It's a difficult model to differentiate.
Our generation's business model simply says: We're software vendors. We write the software and offer the service. And I know my business model will fail for other parts of software, so don't try this at home. You may get badly burned.
Q: What kinds of companies could get burned? Those offering applications, such as customer-relationship management?
A: I don't even want to talk about it, because I really haven't thought about it. But let me give you [a few] arguments why it's harder. I'm a developer. I work during the day and at night. If I'm going to pass on seeing my girlfriend or my kids, it better be some sexy software that I'm working on. Writing a financial graphics user interface on an application? That's what I do for living. The idea that I'm going to sit up at night doing it is ridiculous.
No one is going to work for free. That's the myth of open-source. [New open-source startups are] trying to buy distribution. And maybe they'll succeed, because if you give something away for free, people will come. That's the only part of the model they're replicating: Give it for free and charge for the service. The point is, do you have enough volume? If that's your model, you monetize 1% to 2% of the user base, ergo you need a pretty large user base to have scalability.
Q: How does the open-source community view VC efforts? Is there resentment to those using open source to build a for-profit company?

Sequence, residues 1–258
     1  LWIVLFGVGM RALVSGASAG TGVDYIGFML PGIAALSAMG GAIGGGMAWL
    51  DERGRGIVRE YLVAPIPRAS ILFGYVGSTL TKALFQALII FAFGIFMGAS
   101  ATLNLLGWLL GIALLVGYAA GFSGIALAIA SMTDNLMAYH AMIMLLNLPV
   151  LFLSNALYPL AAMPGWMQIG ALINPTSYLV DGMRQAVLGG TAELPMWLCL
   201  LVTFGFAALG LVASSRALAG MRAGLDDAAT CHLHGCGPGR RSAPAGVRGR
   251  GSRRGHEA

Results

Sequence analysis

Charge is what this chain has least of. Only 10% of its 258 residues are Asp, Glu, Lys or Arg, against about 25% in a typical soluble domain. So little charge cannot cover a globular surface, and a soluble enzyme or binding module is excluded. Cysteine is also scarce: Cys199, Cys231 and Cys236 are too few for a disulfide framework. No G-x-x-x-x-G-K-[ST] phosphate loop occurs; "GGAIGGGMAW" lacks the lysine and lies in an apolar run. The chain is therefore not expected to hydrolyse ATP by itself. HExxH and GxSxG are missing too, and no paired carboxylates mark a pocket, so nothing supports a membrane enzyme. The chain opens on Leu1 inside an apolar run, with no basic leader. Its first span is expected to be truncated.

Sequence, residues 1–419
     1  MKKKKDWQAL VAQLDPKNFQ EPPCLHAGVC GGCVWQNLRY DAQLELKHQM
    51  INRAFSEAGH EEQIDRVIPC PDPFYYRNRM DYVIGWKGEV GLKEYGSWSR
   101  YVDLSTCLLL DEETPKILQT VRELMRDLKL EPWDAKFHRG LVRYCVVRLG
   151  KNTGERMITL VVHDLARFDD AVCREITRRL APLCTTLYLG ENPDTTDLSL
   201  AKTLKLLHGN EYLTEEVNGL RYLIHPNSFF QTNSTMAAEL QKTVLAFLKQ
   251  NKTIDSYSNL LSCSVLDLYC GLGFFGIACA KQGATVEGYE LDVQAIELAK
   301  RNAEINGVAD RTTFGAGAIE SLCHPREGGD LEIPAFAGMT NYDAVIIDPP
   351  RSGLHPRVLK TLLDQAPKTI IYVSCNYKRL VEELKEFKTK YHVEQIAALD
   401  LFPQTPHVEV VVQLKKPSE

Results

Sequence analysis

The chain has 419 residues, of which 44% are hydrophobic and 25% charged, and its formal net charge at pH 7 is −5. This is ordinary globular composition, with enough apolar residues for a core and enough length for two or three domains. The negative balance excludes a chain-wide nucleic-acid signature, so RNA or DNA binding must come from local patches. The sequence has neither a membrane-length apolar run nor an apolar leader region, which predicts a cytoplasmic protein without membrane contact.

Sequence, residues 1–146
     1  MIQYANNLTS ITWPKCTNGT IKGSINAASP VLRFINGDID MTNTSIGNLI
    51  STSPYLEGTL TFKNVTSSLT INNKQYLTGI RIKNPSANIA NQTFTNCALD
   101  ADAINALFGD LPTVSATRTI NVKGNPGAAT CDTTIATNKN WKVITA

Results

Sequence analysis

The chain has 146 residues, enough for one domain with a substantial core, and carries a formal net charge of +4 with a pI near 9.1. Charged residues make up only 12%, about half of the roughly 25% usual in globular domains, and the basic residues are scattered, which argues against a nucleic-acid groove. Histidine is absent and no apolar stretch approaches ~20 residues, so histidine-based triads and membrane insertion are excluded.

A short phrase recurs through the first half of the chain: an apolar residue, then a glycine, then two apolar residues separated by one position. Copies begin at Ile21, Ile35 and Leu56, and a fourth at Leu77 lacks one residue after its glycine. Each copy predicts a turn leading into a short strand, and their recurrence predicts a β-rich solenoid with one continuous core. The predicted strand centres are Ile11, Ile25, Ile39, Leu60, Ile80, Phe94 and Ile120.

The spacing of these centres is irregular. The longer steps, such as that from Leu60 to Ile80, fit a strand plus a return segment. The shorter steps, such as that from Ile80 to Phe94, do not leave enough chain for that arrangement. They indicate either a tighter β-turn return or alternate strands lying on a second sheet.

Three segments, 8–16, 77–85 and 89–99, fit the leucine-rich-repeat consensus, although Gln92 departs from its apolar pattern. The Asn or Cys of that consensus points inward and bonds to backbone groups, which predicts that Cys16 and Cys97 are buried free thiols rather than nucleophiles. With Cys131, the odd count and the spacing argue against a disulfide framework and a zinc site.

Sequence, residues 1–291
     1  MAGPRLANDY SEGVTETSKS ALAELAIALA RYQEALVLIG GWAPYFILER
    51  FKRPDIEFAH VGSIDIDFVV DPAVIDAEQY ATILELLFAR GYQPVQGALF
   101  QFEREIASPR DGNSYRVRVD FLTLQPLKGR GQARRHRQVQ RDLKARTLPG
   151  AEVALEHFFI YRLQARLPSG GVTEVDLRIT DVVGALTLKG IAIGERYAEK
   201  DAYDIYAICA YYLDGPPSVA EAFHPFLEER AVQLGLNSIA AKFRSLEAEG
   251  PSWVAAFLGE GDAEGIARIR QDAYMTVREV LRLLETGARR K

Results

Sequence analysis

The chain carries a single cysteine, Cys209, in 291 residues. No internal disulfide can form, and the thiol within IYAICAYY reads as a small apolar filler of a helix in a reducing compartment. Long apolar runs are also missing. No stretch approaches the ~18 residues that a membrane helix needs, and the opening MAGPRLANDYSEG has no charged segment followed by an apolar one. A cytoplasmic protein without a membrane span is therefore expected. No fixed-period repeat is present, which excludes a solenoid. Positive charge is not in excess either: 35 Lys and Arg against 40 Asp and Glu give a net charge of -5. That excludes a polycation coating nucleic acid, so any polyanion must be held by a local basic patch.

A: It's funny, I was at this conference the other day. And I was traveling back from London, a little bit tired, so I was going to blow the conference off. I looked at the list: executives from Microsoft (MSFT), executives from IBM, and the CEO of Novell (NOVL). It's a real audience, right?
O.K., so I go in [and start to do my] total business presentation. This guy in the front row says "You've got to stop banging on people whose motivation is something other than money." There's always a Hari Krishna in the audience: "It's illegal to make money at this. We're all garage bands, and you sold your soul to the devil for a handful of dollars." So I go, "Have you contributed anything?" and usually they say no and I stop it there.
Turns out the guy is the founder of a pretty significant chunk of Linux, so Point A goes out the door. So I say, "You are what I call amateur open-source or hobbyist open source, which is you have a job and then you do this because that's your passion." And then somebody in the audience yells "You mean amateur open source as opposed to asshole open source?"
So there's always that. It's normal. There are always a bunch of amateurs because they've never made money at it, and it kind of pisses them off that there was a way to do it.
Q: Why is it a myth that a startup will get developers to hone the product for free?
A: Think for a second, who works for free? I think it gets perpetrated because it's such a nice myth -- you would get love and peace, the old hippie dream you know? And it's mostly true, but across all of software, not just open-source, you have a pyramid of productivity. It's an art still -- a black art of creating great software.
At top of the pyramid, you have these top 2% of developers that are 10 times -- in some cases 100 times -- more productive than the rest. It's true in proprietary developments like Microsoft and true of open-source too. The value is the QA [quality-assurance testing to make sure the software works and finding and fixing bugs]. They cover more ground than we could ever test.
Putting aside the QA, there are 20 people who write the kernel, and guess what? These guys are all professionals. If you get free, you want a lot of it. If you give free, you're going to give until you're tired of giving, and that's exactly what happens in the open-source community.